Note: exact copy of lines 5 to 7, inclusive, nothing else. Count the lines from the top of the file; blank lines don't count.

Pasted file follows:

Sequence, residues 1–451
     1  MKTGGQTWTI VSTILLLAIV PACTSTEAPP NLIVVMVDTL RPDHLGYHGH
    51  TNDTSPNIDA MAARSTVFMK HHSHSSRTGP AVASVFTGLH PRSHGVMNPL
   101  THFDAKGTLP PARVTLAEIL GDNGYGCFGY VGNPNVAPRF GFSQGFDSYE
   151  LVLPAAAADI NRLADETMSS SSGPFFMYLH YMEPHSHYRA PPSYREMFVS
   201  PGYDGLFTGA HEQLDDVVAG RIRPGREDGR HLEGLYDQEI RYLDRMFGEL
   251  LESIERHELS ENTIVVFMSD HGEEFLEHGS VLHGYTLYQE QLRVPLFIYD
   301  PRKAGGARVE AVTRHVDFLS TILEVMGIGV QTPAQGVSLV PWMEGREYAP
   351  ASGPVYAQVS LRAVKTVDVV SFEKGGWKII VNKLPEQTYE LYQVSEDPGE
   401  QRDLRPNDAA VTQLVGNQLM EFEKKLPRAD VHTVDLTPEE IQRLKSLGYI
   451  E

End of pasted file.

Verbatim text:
   151  LVLPAAAADI NRLADETMSS SSGPFFMYLH YMEPHSHYRA PPSYREMFVS
   201  PGYDGLFTGA HEQLDDVVAG RIRPGREDGR HLEGLYDQEI RYLDRMFGEL
   251  LESIERHELS ENTIVVFMSD HGEEFLEHGS VLHGYTLYQE QLRVPLFIYD